Our success in meeting our mission is dependent upon working in collaboration with our partners in conservation. Ensuring the future viability of the Niagara Peninsula watershed is a shared responsibility.

Niagara Peninsula Watershed

A watershed is a geologically defined geographic area of land that catches rain and snow, and drains or seeps into a marsh, stream, river, lake or groundwater. 

The Niagara Peninsula watershed includes lands that are predominantly drained by the Welland River into the Niagara River, as well as those lands drained by creeks and streams into Lake Erie and Lake Ontario. See map HERE.

Our complex watershed covers the Niagara region and parts of Hamilton and Haldimand. It is made up of homes, farms, cottages, forests, small towns, and large cities. Everyone shares the responsibility to conserve within the watershed.

What does our mandate mean, and how do we implement programs and services to execute our mission?


NPCA practices conservation on all 41 of its Conservation Areas. NPCA manages and maintains its properties in order to provide diverse recreational and educational opportunities with the purpose of keeping the properties healthy for future generations.

Examples of our conservation programming include: Grooming our properties to encourage healthy ecosystems, planting native plants and trees to improve our water quality and overall land health, offering campgrounds and educational-based day camps.


NPCA improves or redevelops natural landscapes and habitats at its Conservation Areas so that they remain safe for humans, wildlife, and plant communities. Ecological destruction is usually the consequence of pollution, deforestation, salination or natural disasters.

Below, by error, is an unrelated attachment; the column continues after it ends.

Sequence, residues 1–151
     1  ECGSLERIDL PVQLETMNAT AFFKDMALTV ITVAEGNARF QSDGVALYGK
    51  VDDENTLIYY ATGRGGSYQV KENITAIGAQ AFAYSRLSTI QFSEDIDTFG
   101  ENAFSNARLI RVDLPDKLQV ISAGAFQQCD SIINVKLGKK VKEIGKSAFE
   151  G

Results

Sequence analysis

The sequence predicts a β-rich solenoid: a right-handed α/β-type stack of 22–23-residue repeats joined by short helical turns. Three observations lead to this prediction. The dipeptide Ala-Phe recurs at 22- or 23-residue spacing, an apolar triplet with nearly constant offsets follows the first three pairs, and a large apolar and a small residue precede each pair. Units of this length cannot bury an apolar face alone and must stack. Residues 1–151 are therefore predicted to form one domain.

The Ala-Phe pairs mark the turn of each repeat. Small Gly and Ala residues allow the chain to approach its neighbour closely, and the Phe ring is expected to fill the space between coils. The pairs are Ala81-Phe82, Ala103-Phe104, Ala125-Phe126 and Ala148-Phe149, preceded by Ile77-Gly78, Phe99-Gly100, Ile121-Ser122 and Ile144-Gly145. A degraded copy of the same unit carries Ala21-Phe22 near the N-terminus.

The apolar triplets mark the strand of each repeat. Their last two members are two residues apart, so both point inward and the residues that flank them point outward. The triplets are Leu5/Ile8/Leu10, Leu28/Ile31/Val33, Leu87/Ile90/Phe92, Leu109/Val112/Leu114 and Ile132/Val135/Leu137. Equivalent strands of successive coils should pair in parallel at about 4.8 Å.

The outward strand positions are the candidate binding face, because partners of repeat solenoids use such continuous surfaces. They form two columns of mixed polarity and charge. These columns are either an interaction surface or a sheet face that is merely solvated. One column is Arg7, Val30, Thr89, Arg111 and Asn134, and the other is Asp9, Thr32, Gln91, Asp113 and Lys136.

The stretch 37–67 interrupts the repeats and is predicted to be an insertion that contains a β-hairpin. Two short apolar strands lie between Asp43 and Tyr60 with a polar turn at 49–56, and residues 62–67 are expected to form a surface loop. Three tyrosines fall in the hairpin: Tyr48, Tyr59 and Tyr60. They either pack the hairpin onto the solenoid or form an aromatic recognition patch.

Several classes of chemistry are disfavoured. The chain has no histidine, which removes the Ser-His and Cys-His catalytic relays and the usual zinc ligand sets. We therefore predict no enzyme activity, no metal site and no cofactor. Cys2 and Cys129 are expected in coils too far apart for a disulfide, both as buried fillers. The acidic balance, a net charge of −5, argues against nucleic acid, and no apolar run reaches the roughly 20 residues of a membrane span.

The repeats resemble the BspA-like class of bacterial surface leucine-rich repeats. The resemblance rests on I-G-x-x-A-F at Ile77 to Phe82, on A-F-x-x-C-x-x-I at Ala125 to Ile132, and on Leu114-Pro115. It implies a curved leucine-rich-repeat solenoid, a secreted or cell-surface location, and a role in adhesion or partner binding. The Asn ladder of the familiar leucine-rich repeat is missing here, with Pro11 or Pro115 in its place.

Examples of our restoration projects include: Designing agricultural buffers, enhancing slope stability, and the planting of native trees and plants.


NPCA works within the framework that the provincial government sets to provide comment on the suitability of proposed changes or improvements to existing resources, and may recommend conditions based on Ontario Regulation 155/06: Development, Interference with Wetlands, and Alterations to Shorelines and Watercourses.

Examples of projects on which NPCA provides comments, recommendations or permits include: New dwellings and alterations to existing dwellings, pathway, and construction compliance when work takes place on properties that contain, for examples, a shoreline

Management of Natural Resources

Natural resource management deals with managing the way in which people and natural landscapes interact. It connects land use planning, water management, biodiversity, conservation, and the future sustainability of industries like agriculture. NPCA relies on a scientific and technical understanding of resources and ecology, and the life-supporting capacity of those resources.

Strategic Plan


The Niagara Peninsula Conservation Authority (NPCA) is developing a new strategic plan and invites you to get involved to help shape the next 10 years of conservation in our watershed.

This new strategic plan takes a fresh approach towards achieving a shared vision. A representative team of staff from various departments are leading the development of a new strategic plan, with direction from the NPCA Board of Directors and Public Advisory Committee.

To learn more and participate in this new strategic planning process, visit https://getinvolved.npca.ca/2021-2031-strategic-plan

Previous Strategic Plans

Once the Strategic Plan 2014-2017 was complete, Performance Concepts was once again engaged to provide a review on its performance of implementing the Strategic Plan 2014-2017, which can be found here. This review informed the basis for Strategic Priorities that would guide the Areas of Focus for the Strategic Plan 2018-2021 (LINK TO STRATEGIC PLAN 2018-2021), which we are now in the process of implementing.